• public - A cache can store the response.
  • private - The response can be stored, but not in a shared cache.
  • max-age - The time in seconds for which a cached response is acceptable.
  • no-cache - Used by clients to specify that a stored response shouldn’t be used, or by the server shouldn’t use the response for subsequent requests without validation on the origin server.
  • no-store - A cache must not store the request or response - if specified by the client or server respectively.

Response cookies

Finally, we have response cookies. These are small data objects that servers send to clients, which can then be stored and sent back in subsequent requests. This is particularly useful in user-facing contexts - for instance, browser-based applications.

This can be used for session management tasks, user tracking, personalization, or any other scenario where it’s useful to know that the same user has triggered several requests within a single session.

Servers can define cookies using the set-cookie attribute, and clients can send them back with the cookie header.

We can also add extra information to cookies if the server supports it - including expiration, security details, or other metadata.

Where can I find the headers in my API request

So, now we know what API headers are, how they work, and what they do. Let’s start to think about how they’re actually used.

The first question is where you can find them.

Now, to some extent, this is kind of an academic question. That is, most of the time we’re dealing with APIs in a dedicated API manager, or another purpose-built UI in a platform that can send API requests.

In this case, we’ll be able to set them in the Headers section of whatever tool we’re using’s UI. We’ll see this in Budibase a little later.

But, for the sake of completion, it’s worth knowing how these are contained in hard-coded API requests. Request and response headers live in the message body. This is the big data blob that includes our entire request or response.

Usually, headers are stored in a data object between the request/response line and the request/response body.

The fact that this object contains the headers isn’t specified explicitly. Instead, you can recognize them by their format.

That leads us neatly to…

Formatting headers

Headers are structured as a series of key-value pairs. Each key and value is separated by a colon. Pairs are separated by commas. The whole object is contained in a single pair of handlebars.

Each key and value is formatted as a string.

So, this would look something like this:

3“key1”: “value1”,
5“key2”: “value2”,
7“key3”: “value3”

Obviously, these aren’t real values.

The keys are used to denote the attribute that’s being stored. For example, any of the headers that we saw a little bit earlier.

The values are the data that we want to store against each of these attributes. Often, these aren’t intended to be readable by users. Rather, many intended to be long and arbitrary, so they can’t simply be guessed.

Others are readable, especially if they might be used for debugging - for instance, those relating to the format of the request or response body.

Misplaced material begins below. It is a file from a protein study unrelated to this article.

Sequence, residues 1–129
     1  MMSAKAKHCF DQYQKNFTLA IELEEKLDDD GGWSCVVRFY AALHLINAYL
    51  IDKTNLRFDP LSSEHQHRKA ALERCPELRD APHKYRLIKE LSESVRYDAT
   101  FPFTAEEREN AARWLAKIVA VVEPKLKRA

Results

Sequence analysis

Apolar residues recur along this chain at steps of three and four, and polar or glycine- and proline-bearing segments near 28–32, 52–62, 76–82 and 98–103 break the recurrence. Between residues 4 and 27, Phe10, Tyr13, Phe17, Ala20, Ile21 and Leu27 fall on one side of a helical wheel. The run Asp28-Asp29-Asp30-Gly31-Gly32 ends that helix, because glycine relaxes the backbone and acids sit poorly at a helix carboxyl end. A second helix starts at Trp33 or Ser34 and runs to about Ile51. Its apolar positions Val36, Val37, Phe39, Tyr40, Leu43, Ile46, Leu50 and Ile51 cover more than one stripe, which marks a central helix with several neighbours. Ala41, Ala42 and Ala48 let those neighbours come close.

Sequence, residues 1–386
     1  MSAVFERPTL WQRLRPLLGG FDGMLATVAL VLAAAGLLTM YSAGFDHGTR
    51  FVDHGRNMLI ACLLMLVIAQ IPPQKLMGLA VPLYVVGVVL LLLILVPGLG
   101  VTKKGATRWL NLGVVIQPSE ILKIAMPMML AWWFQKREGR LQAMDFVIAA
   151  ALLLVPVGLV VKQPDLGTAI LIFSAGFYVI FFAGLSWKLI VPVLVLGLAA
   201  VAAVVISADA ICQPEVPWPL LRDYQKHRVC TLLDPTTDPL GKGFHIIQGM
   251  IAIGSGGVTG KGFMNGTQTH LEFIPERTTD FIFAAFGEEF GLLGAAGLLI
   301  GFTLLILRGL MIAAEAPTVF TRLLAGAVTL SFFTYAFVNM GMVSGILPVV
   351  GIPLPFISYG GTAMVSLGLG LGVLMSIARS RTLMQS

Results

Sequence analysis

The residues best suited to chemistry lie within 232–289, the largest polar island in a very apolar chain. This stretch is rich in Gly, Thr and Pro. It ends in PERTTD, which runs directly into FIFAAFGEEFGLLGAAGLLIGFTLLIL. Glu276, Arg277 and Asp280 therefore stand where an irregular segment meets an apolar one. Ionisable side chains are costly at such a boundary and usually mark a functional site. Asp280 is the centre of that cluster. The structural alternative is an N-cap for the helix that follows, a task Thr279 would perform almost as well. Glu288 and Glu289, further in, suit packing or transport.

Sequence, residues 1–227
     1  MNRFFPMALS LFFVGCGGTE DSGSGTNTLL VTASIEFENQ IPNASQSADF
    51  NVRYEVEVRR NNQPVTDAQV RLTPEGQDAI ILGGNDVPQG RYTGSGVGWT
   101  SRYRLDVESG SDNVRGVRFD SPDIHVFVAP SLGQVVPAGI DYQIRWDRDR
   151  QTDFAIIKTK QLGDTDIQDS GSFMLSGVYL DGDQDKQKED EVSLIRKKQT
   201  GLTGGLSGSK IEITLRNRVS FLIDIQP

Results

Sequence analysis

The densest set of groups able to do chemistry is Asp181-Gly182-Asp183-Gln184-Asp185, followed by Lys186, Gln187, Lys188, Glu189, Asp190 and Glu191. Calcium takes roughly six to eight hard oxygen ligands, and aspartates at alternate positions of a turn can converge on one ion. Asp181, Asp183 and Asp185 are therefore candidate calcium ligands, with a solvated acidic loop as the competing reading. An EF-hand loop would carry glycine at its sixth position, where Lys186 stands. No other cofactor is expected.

API headers in action

Next, let’s think about how we can apply all of the knowledge we’ve gained so far in the real world with a couple of examples.

First, let’s check out how we’d use headers in a request. Say for example we were sending GET a request to our customer database to retrieve some particular rows that are specified in our request body.

In our example, we have a few requirements.

  • We need to provide our unique API key to authenticate the request.
  • We don’t want the response to be cached.
  • Our request body is a JSON object with UTF-8 characters.
  • We want to record the date and time of our request.

So, our headers might look like this.

 3“authorization”: “AGjdgdagd843qjfagdkadgkjdg93tadjdkgsgda9dgasfgdkagahfsas”,
 5“content-type”: “application/json; charset=utf-8”,
 7“date”: “Wed, 01 Oct 2023 00:00:00 GMT”,
 9“cache-control”: “no-store”

In our response, we want to include the status, date, and content-type.

If the request was successful, our response headers would look like this:

5“content-type”: “application/json; charset=utf-8”,
7“date”: “Wed, 01 Oct 2023 00:00:01 GMT”

Note that the 200 status code indicates that the request was successful. If there was a problem, we’d likely see a 3XX or 4XX status code. For example, 404 - indicating that the requested resource couldn’t be found.

Configuring request headers in Budibase

Now, let’s check out how we can configure API headers in Budibase.

Actually, there are two distinct areas we need to cover here:

  • Using Budibase’s internal API.
  • Leveraging external APIs within the Budibase builder.

On the first point, you’ll need to configure your request headers in whichever client you’re using to interact with the API.

Check out our API documentation to learn more.

Budibase can also be used as a client for connecting to APIs as a data source or within automation rules.

We offer an intuitive, form-based interface for adding headers to API requests - including bindable values using handlebars and JavaScript formulas:

We can also use Budibase’s intuitive, low-code builder to create professional interfaces and populate API requests with user inputs.

First, by creating bindable parameters within our requests:

API Bindings

And then by assigning values to these within our front-end builder:

API Bindings

For instance, we might want to build a form to send data to an API request :